The following essay by Nick McAvelly was published earlier at the Frozen North.
Two Minutes to Midnight
by Nick McAvelly
On the front page of Thursday’s newspapers, under the headline “May’s Great Gamble,” the British public were informed that Theresa May, the current Prime Minister, was about to make a mistake not dissimilar to the one that Neville Chamberlain made in March 1939. Apparently, May was about to set our country on a course that could very well end up in a world war. It was reported that May had ordered British submarines armed with Tomahawk cruise missiles to move within range of Syria, so that Britain can participate in an American-led attack in that country. As we now know, Britain went ahead and participated in those attacks.
On 31st March 1939, Chamberlain stood in the House of Commons and made one of the worst political blunders in British history:
In the event of any action which clearly threatened Polish independence, and which the Polish Government accordingly considered it vital to resist with their national forces, His Majesty’s Government would feel themselves bound at once to lend the Polish Government all support in their power. They have given the Polish Government an assurance to this effect. I may add that the French Government have authorised me to make it plain that they stand in the same position in this matter as do His Majesty’s Government.
At the subsequent debate in the House of Commons, the former Prime Minister David Lloyd George said:
The Prime Minister said to-day that he has spoken plain words. That is not enough. You must make it clear that you have the means of implementing those words. There are two objects you must have in view. One, of course, is that if Herr Hitler does march you will be able to meet him and beat him. The other is even more important, and that is that you should make it quite clear to him that you can do it. Then he will not attack. Is it clear? If war occurred to-morrow, you could not send a single battalion to Poland. Let us speak quite frankly. France could not. She would be confronted with fortifications which are infinitely more formidable than the Hindenburg line, which took us four years to break through, with casualties running into millions. [Interruption.] I am sorry to speak what is unpalatable, but I owe a duty to myself and to the country.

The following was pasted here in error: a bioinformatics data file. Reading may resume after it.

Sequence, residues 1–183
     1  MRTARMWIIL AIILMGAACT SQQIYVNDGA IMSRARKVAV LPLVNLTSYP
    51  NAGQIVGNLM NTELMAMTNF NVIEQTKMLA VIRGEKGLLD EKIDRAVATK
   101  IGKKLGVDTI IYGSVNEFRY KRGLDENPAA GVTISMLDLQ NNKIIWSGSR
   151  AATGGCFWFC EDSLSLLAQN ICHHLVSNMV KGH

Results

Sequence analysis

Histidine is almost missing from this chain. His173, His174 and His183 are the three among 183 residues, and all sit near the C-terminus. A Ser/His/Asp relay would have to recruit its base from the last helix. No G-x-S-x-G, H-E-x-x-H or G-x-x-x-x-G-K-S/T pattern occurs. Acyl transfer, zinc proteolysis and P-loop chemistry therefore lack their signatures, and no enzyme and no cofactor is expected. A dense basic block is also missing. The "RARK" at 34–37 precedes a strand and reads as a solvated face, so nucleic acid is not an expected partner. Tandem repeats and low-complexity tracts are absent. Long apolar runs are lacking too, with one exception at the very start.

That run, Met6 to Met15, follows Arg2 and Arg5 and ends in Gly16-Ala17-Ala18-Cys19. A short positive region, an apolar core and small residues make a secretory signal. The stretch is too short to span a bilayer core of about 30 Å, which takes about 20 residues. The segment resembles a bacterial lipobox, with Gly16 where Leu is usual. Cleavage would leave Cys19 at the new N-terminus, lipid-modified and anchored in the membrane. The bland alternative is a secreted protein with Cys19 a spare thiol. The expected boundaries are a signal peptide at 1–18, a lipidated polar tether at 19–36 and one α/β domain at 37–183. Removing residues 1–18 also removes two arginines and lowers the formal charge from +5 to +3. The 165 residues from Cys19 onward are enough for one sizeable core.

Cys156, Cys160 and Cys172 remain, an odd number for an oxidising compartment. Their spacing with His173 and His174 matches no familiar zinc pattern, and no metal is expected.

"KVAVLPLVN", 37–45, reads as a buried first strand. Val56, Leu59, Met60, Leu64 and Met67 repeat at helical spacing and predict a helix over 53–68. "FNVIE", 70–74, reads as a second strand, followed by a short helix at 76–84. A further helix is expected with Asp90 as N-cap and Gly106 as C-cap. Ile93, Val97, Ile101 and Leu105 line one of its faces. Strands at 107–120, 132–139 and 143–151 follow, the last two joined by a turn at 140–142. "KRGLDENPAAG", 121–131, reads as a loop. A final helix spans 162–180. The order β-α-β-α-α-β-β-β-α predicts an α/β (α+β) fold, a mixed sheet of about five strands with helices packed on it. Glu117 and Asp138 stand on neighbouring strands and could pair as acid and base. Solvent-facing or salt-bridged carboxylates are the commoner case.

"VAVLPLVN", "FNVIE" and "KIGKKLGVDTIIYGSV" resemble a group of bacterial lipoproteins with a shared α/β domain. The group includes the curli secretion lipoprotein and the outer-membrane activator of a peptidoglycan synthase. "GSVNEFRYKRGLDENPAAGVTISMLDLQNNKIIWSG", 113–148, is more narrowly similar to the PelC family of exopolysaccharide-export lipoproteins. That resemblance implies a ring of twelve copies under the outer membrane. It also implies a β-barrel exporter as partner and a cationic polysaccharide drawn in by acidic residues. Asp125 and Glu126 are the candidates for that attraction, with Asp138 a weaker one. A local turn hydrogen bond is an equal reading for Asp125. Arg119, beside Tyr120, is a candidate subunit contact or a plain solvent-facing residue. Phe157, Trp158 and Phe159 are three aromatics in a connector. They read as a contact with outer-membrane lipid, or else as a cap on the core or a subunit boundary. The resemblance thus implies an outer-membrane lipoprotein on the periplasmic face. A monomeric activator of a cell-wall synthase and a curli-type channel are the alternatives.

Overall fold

I cannot understand why, before committing ourselves to this tremendous enterprise, we did not secure beforehand the adhesion of Russia. […] I ask the Government to take immediate steps to secure the adhesion of Russia in a fraternity, an alliance, an agreement, a pact, it does not matter what it is called so long as it is an understanding to stand together against the aggressor. Apart from that we have undertaken a frightful gamble, a very risky gamble.
In the years immediately prior to Chamberlain’s unsolicited war guarantee, the first priority in the British government’s military plan had been to create a defensive air force to protect the country from German bombers. The second priority, according to the British government, had been to develop the Navy in order to protect Britain’s trade routes. The third priority had been to maintain an Army for “Imperial Police Duties” overseas. Last on the list of British priorities was “co-operation in the defence of the territories of any allies we may have in war.”
So Britain did not have the military capability to stop the Wehrmacht from invading Poland. As the British Chiefs of Staff had reported as early as 1937, a war with Germany would have to be “a long war”. Britain would have to resist an initial German attack (on Britain, not Poland), then use the industrial and economic power of the Empire to build up British forces, before finally launching a counter-attack. As the Chiefs of Staff stated, the military intervention of Russia, and material assistance from America “would go far towards making the Allied counter-offensive possible.”
After the British government made their unsolicited war guarantee to Poland, they tried to get the Soviet Union onside, but that was never going to happen. In a speech in Moscow on 10th March, Josef Stalin had stated that he would “not allow our country to be drawn into conflicts by warmongers who are accustomed to have others pull the chestnuts out of the fire for them.”